When couples decide to part ways, the division of assets becomes a central concern.
For individuals with stock options, the fate of these investments is a key aspect of divorce.
Status of stock options
In Massachusetts, stock options acquired during the marriage are generally marital property. This means that they may be subject to division during divorce proceedings. However, the court takes several factors into account before making a decision.
Vesting period matters
One key factor is the vesting period of the stock options. If the options have not yet been vested, they may not be immediately divided. The court might choose to defer the division until the options become exercisable.
Valuation of stock options
Determining the value of stock options is another step. Courts often consider the market value at the time of divorce. The spouse holding the options might need to provide accurate and up-to-date information for a fair assessment.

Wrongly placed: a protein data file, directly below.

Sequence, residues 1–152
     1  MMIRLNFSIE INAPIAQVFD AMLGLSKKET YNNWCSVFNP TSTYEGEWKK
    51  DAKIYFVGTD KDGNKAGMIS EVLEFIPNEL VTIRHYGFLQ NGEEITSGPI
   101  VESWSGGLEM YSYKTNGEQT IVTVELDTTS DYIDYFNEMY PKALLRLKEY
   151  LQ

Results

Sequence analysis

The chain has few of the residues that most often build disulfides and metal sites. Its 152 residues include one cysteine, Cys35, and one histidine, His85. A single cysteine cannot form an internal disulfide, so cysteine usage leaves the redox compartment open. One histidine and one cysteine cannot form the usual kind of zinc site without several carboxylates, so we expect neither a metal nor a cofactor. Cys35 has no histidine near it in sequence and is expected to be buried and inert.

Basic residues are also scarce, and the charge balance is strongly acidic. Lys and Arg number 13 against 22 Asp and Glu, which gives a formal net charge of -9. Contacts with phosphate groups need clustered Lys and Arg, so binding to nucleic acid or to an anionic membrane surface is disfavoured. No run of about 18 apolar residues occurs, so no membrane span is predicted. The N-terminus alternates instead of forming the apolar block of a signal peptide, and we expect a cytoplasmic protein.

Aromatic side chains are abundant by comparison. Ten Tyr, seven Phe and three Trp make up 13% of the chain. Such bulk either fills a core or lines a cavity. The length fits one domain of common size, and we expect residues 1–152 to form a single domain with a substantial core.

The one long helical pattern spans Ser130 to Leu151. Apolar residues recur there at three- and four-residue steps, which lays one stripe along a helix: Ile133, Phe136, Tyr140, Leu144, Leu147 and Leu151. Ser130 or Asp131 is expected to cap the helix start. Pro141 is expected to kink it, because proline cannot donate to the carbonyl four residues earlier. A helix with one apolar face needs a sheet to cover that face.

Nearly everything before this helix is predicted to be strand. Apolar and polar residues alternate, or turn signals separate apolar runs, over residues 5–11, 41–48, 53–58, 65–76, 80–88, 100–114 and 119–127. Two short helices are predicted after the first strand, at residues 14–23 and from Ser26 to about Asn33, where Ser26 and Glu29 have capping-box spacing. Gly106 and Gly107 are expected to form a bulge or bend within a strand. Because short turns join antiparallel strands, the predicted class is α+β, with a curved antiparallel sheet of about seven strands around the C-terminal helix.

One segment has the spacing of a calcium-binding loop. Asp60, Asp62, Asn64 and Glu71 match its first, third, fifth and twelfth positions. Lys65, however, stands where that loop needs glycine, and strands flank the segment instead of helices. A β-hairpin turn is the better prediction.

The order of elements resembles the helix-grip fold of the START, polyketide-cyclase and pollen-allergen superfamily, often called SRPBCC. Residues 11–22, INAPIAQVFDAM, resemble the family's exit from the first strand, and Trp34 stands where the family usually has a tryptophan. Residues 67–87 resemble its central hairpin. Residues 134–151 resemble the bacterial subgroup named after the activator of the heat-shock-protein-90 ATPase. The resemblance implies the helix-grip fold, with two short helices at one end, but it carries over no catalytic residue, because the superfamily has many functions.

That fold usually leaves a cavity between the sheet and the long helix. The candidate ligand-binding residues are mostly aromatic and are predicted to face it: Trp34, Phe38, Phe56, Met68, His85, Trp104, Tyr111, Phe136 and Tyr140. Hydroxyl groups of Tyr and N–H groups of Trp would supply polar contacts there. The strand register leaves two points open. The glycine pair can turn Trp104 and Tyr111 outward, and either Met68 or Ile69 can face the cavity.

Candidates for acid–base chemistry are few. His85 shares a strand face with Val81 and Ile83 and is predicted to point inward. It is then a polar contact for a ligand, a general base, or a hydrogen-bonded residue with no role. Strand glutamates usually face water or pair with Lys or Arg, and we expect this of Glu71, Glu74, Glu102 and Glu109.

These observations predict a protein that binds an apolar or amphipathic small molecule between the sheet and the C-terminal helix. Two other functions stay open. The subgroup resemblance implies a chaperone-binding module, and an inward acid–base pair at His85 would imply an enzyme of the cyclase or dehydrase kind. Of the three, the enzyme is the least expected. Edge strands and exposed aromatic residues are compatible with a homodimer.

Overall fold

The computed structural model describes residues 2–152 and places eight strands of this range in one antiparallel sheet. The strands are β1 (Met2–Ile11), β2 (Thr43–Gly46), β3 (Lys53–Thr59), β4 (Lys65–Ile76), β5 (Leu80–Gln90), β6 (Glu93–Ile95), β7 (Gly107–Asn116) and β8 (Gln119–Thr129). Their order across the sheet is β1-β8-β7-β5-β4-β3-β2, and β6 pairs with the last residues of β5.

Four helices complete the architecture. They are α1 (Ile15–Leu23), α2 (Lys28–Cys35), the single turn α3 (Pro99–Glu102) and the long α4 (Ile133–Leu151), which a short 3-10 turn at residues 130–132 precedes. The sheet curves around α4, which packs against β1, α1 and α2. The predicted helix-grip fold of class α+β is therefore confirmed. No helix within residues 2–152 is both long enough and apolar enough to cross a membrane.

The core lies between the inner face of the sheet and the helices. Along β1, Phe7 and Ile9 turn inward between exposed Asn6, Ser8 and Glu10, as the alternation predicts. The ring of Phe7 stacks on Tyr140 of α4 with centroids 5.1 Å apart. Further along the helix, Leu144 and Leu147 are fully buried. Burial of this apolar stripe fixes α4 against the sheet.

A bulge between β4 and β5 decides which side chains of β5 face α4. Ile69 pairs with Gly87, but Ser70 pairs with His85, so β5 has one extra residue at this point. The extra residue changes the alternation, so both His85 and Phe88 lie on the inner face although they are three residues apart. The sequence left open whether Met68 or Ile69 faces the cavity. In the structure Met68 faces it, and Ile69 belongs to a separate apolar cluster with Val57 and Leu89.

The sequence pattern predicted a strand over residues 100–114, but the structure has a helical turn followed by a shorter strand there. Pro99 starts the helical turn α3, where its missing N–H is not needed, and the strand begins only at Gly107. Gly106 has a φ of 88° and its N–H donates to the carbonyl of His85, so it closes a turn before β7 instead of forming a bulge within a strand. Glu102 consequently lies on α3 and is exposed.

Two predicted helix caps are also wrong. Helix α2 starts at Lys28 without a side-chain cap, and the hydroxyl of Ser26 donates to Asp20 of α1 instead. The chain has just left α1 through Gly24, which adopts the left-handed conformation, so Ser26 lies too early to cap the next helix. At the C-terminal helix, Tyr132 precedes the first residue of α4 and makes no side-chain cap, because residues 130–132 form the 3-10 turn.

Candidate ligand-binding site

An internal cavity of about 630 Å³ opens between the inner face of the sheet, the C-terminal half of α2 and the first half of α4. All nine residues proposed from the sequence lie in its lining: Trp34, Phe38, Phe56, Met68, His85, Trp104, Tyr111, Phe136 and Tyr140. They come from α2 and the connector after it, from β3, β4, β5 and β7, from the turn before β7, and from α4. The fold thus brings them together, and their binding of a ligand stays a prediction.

Equitable distribution principle
Massachusetts follows the principle of equitable distribution, meaning that the court aims to divide assets fairly, though not necessarily equally. It considers the contribution of each spouse to the acquisition of assets, including stock options.
Future earnings potential
The court may also take into account the future earnings potential associated with the stock options. If one spouse has a higher earning capacity due to these investments, the court might adjust other aspects of the division to achieve a balanced outcome.
Although complicated, divorce is the best solution for many couples. In 2021, the U.S. had 689,308 divorces. When dividing assets, being transparent about financial matters can contribute to a smoother resolution of this aspect of the divorce proceedings.